Adequate tests on reproductive toxicity and carcinogenicity have not been performed.

During the longstanding use as a medicinal product in the European Union no serious side effects have been reported. Therefore, the cutaneous and oromucosal use of Calendula preparations can be regarded as safe under the conditions of use described in the monograph.

4. Clinical Data

The extracts used in the trials are specified in the comments as far as possible. Unfortunately, in the majority of publications correct specifications of solvent and drug-extract ratio (DER) are missing. In these cases no details can be given, if the extract could not be identified otherwise.

4.1. Clinical pharmacology

4.1.1. Overview of pharmacodynamic data regarding the herbal substance(s)/preparation(s) including data on relevant constituents

No specific data are available on Calendula flower.

4.1.2. Overview of pharmacokinetic data regarding the herbal substance(s)/preparation(s) including data on relevant constituents

No specific data are available on Calendula flower.

4.2. Clinical efficacy

4.2.1. Dose response studies

There are no dose response studies available.

4.2.2. Clinical studies (case studies and clinical trials)

Several clinical studies involving human patients have been performed to test the efficacy of herbal preparations in patients with skin conditions, such as venous leg ulcers, skin burns or acute dermatitis.

Phase III clinical studies

Controlled study of three ointments for the local management of 2nd and 3rd degree burns (Lievre et al., 1992):

Randomized, controlled, open study with parallel groups (only adults > 18 years of age; 53 patients treated with Pommade au Calendula par digestion (prepared by extraction in vaseline), 53 patients treated with Elase (proteolytic ointment), 50 patients treated with vaseline (control treatment)). A marginally significant difference in favour of Calendula over vaseline was observed (p=0.05) after 17 days of treatment. Calendula was significantly better tolerated than the other treatments.

Assessor’s comment:

The study medication was prepared not only from the flowers but also stems and leaves of Calendula officinalis. Therefore, the results of this study are of limited relevance for the assessment of preparations containing the ligulate florets only. However, the results support the safe use of preparations containing Calendula.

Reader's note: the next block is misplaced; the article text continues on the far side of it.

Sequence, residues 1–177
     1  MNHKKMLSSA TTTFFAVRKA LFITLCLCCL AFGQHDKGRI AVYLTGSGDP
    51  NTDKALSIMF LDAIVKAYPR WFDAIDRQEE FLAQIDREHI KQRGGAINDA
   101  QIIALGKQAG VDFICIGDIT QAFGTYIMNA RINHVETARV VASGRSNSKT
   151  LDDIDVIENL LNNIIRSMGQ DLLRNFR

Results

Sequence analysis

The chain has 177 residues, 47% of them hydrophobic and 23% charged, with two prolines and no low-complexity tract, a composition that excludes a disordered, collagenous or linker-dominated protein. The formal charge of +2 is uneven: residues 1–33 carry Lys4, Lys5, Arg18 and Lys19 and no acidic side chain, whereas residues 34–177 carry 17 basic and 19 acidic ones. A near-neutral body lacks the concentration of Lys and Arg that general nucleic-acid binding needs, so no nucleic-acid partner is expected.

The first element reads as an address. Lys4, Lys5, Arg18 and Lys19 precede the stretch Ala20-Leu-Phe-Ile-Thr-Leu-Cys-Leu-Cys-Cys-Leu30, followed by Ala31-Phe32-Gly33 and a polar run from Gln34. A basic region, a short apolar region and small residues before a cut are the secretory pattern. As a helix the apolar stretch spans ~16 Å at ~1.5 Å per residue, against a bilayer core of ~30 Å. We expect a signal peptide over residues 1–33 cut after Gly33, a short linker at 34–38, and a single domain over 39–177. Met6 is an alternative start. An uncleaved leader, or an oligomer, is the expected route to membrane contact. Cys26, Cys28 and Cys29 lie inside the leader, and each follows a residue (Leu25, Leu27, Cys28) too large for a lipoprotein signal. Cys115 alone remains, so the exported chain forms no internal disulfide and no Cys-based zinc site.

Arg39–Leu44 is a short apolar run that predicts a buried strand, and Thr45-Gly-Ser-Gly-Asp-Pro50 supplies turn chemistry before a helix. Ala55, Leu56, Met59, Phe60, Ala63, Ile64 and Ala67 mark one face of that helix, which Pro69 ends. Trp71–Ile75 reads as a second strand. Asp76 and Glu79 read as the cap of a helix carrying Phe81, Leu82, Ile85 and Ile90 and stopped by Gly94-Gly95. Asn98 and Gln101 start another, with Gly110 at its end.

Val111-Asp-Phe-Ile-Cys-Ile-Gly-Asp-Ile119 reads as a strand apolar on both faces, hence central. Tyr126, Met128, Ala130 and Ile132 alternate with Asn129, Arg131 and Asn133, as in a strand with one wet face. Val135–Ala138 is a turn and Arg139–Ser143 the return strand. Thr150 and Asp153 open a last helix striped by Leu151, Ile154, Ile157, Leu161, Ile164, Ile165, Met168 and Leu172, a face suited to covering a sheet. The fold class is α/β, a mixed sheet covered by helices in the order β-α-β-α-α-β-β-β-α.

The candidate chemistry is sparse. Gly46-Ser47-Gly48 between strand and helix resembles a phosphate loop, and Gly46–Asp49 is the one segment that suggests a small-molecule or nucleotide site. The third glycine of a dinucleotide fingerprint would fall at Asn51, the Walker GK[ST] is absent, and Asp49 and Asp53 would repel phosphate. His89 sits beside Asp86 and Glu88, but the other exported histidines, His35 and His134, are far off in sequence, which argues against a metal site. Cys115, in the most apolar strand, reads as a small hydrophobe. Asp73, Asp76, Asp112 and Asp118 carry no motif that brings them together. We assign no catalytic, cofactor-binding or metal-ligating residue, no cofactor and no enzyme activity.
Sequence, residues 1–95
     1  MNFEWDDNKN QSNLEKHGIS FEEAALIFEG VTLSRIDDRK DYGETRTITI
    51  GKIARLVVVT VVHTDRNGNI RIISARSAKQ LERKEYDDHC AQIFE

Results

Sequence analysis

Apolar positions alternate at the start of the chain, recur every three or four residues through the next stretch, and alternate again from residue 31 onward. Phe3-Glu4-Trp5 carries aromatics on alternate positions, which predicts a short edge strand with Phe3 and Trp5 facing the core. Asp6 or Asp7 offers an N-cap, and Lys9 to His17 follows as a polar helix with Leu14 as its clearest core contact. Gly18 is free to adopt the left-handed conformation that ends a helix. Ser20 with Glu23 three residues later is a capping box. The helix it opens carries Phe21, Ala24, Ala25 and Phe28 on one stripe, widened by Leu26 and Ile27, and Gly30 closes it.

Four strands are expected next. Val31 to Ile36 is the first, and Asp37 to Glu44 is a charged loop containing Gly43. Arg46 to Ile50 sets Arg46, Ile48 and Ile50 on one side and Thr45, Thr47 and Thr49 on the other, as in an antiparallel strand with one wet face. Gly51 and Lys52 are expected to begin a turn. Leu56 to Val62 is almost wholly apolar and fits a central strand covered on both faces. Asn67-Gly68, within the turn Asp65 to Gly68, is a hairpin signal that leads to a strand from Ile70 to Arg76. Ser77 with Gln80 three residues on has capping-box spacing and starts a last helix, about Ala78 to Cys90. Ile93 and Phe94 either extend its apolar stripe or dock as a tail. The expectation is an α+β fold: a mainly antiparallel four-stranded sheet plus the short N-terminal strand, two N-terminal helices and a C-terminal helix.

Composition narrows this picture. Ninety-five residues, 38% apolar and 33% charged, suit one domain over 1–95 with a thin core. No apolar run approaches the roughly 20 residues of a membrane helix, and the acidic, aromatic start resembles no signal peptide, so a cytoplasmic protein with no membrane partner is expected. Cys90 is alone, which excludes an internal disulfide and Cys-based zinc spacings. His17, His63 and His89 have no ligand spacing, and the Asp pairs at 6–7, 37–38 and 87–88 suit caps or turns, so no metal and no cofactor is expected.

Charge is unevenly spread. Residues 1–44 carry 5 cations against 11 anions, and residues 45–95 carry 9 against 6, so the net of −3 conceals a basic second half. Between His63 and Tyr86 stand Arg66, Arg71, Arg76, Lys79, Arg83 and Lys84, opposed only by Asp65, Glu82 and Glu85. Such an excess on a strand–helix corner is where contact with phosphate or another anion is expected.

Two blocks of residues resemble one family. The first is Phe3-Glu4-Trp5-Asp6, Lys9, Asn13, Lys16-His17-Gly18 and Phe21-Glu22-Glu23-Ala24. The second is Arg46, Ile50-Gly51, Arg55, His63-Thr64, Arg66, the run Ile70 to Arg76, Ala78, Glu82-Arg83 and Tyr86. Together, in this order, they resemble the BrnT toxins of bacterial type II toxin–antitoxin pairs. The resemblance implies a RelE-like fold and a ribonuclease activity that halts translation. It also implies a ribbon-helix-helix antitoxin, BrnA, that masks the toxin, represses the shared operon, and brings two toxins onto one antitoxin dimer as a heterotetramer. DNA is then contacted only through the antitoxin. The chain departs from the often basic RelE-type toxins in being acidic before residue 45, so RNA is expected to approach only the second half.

Phase III randomized single blinded trial of Calendula officinalis compared with Trolamine for the prevention of acute dermatitis during irradiation for breast cancer (Pommier et al., 2004):

254 patients who had surgery for breast cancer and who were to receive postoperative radiation therapy were randomly allocated to application of either trolamine (128 patients) or Calendula (126 patients), twice daily or more on the irradiated fields after each session. The Calendula ointment (Pommade au Calendula par digestion) contained 20% of fresh Calendula aerial parts in petroleum jelly. The primary end point was the occurrence of acute dermatitis of grade 2 or higher. Secondary end points were the occurrence of pain, the quantity of the topical agent used and patient satisfaction. The occurrence of acute dermatitis of grade 2 or higher was significantly lower (41% v 63%; P<0.001) with the use of Calendula than with trolamine. Moreover, patients receiving Calendula had less frequent interruption of radiotherapy and significantly reduced radiation-induced pain.

No allergic reactions occurred in the group using the Calendula preparation, whereas four patients using trolamine developed allergic-type reactions (pruritis and urticaria).

Assessor’s comment:

The study medication was prepared not only from the flowers but also stems and leaves of Calendula officinalis. Therefore, the outcome of the study does not justify the well-established use of Calendula flower in the prevention of acute dermatitis under postoperative irradiation.

This may be the reason why in an overview and practice guideline for prevention and management of acute skin reactions related to radiation therapy the authors conclude that there is insufficient evidence to support or refute topical agents (Bolderston et al., 2006).

Observational studies

Protective effects of different cream preparations containing Calendula extract against sodium-lauryl- sulfate induced irritant contact dermatitis (Fuchs et al., 2005):

The extract (prepared with supercritical CO2) in a base cream according to DAC was tested in 20 healthy volunteers with experimentally induced irritant contact dermatitis in a 4-day repetitive irritation test. A statistically significant protective effect was observed; the sequential treatment (post- irritation) was without any effect (Fuchs et al., 2005).

Assessor’s comment:

The extract which has been used in this study does not fulfil the criteria for traditional use.

Pilot study with a Calendula jelly containing 10% of a homoeopathic mother tincture in 30 patients with first- and second-degree burns (Baranov, 1999):

In an open, uncontrolled pilot study, 30 patients with burns or scalds (degree 1 and 2a) were treated 3 times per day for up to 14 days with a hydrogel containing 10% of hydroethanolic extract. The symptoms reddening, swelling, blistering, pain, soreness and heat sensitivity were scored before, during and at the end of treatment. The total score and individual scores for each symptom improved.

Assessor’s comment:

The lack of a control group makes the evaluation of the efficacy impossible. However, the study medication was well tolerated and no adverse effects have been observed. This study supports the traditional use of Calendula for the treatment of minor inflammations of the skin because of the chemical similarity of homoeopathic mother tinctures and phytotherapeutic tinctures.